Cleaning corroded metal objects is hard work. Think about it. Most metal objects (unless made of gold or silver) start out as ores, such as copper carbonate, or copper sulphate. In other words, objects made of metal start out as corrosion, and only after a lot of human intervention do they become metal objects. So, after several thousands of years of being buried in the soil, these metal objects want to revert back to corrosion. It goes without saying that, after discovered by an archaeologist, it usually takes a great deal of intervention on the part of the conservator to get to the metal surface. Yes, chemicals are one way to assist in changing the corrosion, so that it can be removed to possibly reveal a metal surface. Sometimes there is no metal core, below all of the corrosion. The object is completely mineralized. Mechanically removing the corrosion is also a safer, but often very time consuming and physically difficult process. At the site, this year we are trying a mild solution of EDTA (ethylene diamine tetra acetic acid) made basic with ammonia. It has proven to be helpful at softening the corrosion crusts, making the mechanical removal with a scalpel more effective, and safer. The solution turns blue as copper corrosion dissolves.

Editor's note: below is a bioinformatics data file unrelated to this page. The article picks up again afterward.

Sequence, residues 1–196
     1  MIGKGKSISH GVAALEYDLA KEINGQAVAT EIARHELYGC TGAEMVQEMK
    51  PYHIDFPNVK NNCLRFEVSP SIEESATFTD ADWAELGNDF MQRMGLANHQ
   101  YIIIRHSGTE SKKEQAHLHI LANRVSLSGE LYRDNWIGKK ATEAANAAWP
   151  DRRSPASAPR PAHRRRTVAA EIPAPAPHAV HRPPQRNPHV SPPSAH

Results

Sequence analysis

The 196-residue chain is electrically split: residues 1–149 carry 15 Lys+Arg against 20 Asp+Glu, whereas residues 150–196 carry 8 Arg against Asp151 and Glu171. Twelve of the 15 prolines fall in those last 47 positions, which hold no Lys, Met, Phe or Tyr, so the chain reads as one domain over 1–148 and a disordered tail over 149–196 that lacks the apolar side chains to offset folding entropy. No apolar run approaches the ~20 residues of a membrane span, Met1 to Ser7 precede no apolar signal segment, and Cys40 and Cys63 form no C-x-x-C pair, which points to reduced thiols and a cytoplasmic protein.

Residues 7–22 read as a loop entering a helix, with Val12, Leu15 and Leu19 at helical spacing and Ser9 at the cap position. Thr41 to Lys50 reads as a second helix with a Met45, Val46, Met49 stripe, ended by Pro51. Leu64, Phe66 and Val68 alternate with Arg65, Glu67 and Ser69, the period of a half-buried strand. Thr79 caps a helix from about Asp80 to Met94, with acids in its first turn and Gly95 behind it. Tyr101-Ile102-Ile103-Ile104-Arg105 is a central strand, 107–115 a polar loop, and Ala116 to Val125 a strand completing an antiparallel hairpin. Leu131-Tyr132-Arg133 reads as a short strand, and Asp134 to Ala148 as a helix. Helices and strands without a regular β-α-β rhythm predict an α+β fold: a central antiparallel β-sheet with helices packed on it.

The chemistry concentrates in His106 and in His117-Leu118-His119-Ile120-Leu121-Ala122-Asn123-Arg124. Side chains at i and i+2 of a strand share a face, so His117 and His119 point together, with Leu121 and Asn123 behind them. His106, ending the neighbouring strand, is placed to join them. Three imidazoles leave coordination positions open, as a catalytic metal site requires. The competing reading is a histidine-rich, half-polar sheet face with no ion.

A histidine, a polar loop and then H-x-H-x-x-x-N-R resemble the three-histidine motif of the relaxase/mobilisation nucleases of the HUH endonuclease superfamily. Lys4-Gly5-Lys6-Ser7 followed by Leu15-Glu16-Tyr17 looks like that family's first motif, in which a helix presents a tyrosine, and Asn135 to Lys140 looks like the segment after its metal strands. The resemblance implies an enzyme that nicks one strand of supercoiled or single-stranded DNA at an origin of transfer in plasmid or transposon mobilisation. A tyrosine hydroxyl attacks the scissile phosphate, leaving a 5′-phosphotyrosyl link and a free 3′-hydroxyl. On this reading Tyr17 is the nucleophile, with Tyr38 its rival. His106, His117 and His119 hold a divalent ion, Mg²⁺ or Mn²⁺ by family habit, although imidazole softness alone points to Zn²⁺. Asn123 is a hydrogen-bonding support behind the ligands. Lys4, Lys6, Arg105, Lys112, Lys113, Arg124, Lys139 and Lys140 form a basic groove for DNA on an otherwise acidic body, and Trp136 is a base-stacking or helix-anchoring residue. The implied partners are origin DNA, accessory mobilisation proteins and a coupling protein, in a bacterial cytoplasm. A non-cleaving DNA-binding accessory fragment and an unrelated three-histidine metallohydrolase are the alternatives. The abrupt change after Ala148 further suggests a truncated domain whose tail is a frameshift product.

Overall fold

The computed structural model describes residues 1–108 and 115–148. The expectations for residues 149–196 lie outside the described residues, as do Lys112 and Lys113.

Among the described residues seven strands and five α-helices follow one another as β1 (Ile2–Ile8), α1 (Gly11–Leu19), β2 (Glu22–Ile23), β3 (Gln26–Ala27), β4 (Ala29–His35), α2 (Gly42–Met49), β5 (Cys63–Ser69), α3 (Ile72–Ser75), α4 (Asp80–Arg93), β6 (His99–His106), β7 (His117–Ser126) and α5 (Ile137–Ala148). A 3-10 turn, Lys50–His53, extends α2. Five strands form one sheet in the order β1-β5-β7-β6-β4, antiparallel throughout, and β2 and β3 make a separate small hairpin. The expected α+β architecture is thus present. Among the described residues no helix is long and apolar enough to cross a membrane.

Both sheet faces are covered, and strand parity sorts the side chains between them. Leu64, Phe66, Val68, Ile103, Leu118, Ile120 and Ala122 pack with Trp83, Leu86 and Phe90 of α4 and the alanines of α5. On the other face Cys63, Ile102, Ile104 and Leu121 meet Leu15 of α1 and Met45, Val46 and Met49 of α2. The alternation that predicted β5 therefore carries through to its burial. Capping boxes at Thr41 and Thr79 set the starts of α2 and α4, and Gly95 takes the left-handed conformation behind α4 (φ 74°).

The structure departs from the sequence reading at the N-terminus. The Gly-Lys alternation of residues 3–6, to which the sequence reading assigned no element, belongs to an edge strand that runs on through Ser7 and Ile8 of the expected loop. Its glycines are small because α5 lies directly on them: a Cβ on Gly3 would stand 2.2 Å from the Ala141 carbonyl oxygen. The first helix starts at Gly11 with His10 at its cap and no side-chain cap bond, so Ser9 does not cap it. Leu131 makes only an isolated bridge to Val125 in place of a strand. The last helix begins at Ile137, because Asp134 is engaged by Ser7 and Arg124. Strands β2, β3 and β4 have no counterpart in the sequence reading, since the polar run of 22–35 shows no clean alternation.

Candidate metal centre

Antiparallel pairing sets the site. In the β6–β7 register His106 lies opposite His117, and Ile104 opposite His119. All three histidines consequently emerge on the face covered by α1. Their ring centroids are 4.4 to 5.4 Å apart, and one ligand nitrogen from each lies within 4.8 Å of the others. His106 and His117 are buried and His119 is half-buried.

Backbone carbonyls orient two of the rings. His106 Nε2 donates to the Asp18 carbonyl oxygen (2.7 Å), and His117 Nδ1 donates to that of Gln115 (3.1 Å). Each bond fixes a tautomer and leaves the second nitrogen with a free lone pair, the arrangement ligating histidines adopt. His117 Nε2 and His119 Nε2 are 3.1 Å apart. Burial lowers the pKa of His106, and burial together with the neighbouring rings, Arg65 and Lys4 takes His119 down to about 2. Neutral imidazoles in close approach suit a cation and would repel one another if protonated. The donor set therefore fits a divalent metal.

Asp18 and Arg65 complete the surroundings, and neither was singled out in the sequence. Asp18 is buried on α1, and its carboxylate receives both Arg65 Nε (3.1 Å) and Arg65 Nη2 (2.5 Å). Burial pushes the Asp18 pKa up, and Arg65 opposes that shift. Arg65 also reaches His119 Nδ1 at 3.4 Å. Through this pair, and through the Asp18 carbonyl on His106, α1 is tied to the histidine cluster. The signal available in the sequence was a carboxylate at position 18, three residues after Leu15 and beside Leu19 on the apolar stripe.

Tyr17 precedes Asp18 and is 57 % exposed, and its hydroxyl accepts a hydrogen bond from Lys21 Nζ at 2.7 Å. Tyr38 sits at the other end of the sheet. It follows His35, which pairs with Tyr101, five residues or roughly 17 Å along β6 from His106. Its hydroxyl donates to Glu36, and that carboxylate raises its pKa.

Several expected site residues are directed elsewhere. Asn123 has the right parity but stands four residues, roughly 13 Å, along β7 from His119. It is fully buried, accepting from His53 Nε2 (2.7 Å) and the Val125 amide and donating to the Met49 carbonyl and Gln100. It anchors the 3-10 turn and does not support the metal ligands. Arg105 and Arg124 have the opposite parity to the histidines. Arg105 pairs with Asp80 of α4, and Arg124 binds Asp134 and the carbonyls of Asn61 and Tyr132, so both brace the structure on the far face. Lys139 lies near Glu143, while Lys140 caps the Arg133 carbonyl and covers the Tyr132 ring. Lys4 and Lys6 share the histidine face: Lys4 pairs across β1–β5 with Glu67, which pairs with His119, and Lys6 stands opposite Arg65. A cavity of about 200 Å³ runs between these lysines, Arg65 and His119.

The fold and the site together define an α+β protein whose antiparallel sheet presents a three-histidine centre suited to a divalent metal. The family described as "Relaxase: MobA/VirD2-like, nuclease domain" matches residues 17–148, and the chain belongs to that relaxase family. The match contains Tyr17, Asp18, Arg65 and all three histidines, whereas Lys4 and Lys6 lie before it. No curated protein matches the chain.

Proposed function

When the archaeologists register the finds, as Jaap is doing in this photo, it is much more useful to have an actual image on the coin, or other information that may help in dating a layer. This is why finding coins is often exciting, yet painful at the same time. Luckily however, unlike the corrosion that Jakki mentioned in her post on the Wadjet Figure, the corrosion crusts at the Mut Temple are mostly stable.
Lisa Bruno, Objects Conservator